This note was last modified Sunday, 10-May-2015 18:06:35 PDT.
This note contains spoilers for the series.
Dorothy Sayers, of course, is the author of the Lord Peter Wimsey books. I love these; I read them as historical novels as much as as mysteries (mid-1930s England). Did I mention I'm an anglophile? (I come by it honestly, my father was born there.)
Sayers had a rather short but quite spectactular career in mystery fiction. Unfortunately for me, she got drawn down a religious rat-hole and essentially stopped writing. Her last book on Lord Peter was published in 1939, but she lived until 1957. She was actually working contemporaneously with several authors I think of as much more current (see chart).
Her plots and characters developed a lot through her career. Gaudy Night and Busman's Honeymoon bring Lord Peter's courtship of Harriet Vane to a successful conclusion, and are brilliant works about everything from feminism to mature romance (setting aside Peter's having decided on Harriet with completely inadequate information; he sticks to it and seems to have been right).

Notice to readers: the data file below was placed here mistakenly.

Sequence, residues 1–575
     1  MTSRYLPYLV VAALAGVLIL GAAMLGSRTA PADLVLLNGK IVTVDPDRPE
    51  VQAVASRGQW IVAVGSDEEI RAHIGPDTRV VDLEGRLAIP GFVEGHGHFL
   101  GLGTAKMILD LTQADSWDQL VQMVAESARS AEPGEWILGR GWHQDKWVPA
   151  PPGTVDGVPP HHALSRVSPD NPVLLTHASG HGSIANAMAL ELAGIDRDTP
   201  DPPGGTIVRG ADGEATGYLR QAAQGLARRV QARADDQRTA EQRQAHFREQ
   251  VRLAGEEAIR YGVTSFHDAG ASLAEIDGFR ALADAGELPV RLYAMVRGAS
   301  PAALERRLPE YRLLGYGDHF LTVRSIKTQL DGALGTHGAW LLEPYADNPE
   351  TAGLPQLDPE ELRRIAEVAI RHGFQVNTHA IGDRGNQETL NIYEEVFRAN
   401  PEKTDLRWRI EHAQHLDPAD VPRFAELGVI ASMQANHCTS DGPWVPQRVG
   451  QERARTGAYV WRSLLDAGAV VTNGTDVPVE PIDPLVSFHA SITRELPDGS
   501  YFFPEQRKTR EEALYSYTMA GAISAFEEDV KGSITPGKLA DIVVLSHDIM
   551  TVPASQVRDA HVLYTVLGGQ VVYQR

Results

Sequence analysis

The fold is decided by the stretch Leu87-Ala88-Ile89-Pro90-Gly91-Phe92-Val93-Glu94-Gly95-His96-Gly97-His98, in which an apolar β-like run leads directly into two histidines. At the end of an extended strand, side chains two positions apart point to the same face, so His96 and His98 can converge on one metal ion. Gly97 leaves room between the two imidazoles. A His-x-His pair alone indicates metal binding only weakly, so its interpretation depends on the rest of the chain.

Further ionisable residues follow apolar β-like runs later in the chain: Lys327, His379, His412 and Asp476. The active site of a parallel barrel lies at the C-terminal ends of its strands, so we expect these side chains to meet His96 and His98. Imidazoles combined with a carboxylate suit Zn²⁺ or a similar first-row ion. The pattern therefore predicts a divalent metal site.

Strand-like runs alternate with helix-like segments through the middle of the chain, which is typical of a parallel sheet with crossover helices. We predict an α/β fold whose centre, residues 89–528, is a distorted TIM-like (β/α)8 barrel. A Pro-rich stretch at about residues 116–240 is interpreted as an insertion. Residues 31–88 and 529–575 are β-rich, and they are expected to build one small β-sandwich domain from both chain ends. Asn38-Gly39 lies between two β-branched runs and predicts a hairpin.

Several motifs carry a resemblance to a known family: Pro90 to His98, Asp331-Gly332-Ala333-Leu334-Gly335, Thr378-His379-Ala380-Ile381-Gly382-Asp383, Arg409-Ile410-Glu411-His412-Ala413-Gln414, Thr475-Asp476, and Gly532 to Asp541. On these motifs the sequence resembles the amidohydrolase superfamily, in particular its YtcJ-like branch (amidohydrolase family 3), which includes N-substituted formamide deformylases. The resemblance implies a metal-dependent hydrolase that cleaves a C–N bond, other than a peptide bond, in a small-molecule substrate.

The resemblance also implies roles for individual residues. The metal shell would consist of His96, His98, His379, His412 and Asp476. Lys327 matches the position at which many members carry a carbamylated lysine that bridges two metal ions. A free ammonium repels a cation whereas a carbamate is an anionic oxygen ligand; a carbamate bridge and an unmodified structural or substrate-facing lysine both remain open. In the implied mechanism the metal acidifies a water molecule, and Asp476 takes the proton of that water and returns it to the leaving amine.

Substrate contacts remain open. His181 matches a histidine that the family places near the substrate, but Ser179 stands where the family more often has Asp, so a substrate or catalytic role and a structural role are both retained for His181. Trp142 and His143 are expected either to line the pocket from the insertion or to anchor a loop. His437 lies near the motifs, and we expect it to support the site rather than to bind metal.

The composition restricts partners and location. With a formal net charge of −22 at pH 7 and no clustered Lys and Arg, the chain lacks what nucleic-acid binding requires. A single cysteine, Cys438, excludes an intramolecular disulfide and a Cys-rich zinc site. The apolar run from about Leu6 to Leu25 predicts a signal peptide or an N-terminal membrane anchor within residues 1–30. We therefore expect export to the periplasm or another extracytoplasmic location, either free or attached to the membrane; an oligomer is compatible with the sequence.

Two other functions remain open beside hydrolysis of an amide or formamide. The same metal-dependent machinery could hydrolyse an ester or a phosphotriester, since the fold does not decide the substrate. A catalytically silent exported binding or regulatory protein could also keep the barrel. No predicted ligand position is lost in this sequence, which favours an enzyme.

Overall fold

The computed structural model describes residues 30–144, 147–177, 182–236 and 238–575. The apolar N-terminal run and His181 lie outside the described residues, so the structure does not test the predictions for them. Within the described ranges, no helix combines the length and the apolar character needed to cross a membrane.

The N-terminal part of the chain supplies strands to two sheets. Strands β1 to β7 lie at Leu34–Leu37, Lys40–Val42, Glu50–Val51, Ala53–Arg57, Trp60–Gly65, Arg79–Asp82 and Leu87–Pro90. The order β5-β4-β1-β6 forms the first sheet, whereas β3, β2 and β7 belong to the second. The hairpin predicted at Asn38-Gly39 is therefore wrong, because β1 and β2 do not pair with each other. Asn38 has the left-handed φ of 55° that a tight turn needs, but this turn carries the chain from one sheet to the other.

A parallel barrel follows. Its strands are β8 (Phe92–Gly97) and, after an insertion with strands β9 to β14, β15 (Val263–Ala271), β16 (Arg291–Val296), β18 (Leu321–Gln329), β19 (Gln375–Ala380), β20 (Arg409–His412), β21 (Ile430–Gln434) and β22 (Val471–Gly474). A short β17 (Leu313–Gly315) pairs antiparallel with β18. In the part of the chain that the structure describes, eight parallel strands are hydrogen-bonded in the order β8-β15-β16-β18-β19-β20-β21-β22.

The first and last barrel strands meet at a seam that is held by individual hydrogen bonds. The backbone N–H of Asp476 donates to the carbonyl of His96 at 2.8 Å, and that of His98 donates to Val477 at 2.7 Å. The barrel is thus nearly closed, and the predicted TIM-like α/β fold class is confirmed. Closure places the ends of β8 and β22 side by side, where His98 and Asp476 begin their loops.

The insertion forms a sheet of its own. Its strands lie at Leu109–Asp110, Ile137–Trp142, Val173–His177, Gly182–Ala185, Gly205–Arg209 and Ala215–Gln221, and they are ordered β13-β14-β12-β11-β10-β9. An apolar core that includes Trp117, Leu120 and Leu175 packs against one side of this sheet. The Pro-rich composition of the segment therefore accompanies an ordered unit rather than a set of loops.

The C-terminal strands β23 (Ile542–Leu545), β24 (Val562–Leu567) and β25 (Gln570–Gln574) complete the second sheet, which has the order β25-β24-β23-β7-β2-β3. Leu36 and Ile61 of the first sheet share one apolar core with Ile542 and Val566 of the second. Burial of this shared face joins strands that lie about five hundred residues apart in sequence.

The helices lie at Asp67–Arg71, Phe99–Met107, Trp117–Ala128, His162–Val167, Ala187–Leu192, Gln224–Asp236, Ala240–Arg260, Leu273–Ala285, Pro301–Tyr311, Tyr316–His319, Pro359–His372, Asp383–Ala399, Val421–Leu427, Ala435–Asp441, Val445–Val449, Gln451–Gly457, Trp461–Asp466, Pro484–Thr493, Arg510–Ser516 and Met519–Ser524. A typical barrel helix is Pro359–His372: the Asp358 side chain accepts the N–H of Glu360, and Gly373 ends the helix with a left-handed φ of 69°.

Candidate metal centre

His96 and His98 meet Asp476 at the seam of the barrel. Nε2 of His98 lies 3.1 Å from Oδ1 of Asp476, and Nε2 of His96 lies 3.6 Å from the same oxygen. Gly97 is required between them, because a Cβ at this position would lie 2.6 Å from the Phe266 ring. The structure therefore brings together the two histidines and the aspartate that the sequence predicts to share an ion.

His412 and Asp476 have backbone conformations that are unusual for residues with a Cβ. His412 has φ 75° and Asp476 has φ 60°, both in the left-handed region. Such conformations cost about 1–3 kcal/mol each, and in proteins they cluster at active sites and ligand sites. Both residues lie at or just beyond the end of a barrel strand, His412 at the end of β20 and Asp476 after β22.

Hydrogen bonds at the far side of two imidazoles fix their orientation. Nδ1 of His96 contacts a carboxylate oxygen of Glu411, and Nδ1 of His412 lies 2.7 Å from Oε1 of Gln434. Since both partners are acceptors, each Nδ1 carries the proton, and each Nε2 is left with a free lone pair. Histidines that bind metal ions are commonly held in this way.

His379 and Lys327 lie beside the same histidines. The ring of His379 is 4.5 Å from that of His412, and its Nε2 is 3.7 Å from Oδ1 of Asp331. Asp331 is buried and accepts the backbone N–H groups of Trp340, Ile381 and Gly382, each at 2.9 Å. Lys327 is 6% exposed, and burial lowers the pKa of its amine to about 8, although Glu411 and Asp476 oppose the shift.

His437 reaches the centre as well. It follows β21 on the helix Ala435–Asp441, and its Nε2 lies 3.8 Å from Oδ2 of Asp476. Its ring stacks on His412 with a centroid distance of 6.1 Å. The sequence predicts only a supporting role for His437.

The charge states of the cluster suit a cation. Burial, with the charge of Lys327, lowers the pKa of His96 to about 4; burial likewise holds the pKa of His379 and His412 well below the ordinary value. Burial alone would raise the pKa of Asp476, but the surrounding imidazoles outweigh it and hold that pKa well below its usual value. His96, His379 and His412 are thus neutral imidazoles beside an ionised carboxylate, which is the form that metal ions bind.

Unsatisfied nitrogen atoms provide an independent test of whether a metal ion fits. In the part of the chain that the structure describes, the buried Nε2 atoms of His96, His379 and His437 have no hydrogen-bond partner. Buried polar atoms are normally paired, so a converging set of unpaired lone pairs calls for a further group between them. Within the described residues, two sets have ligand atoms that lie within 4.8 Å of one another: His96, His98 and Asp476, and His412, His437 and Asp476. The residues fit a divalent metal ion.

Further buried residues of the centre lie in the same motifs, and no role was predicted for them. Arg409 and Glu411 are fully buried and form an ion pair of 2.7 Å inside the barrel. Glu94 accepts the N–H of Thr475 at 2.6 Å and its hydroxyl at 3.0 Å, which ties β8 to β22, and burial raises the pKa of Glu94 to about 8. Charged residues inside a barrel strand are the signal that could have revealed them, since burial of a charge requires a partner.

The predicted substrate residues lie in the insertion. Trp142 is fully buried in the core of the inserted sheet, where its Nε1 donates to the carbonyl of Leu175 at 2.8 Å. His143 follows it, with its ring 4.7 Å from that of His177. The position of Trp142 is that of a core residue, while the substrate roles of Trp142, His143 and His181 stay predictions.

The Nine Tailors : Changes Rung on an Old Theme in Two Short Touches and Two Full Peals
Busman's Honeymoon : A Love Story With Detective Interruptions
Murder Must Advertise
Lord Peter goes undercover in an advertising agency to solve a murder. The author worked in an advertising agency at one time, and I wouldn't wonder if the details are right. There's a lovely discussion of the important distinctions between being made "of" something, "from" it, and "with" it. This is also the book where Lord Peter does his very surreal harlequin character in the evenings.
I've written notes on the books I read for a while now, including a number by Sayers.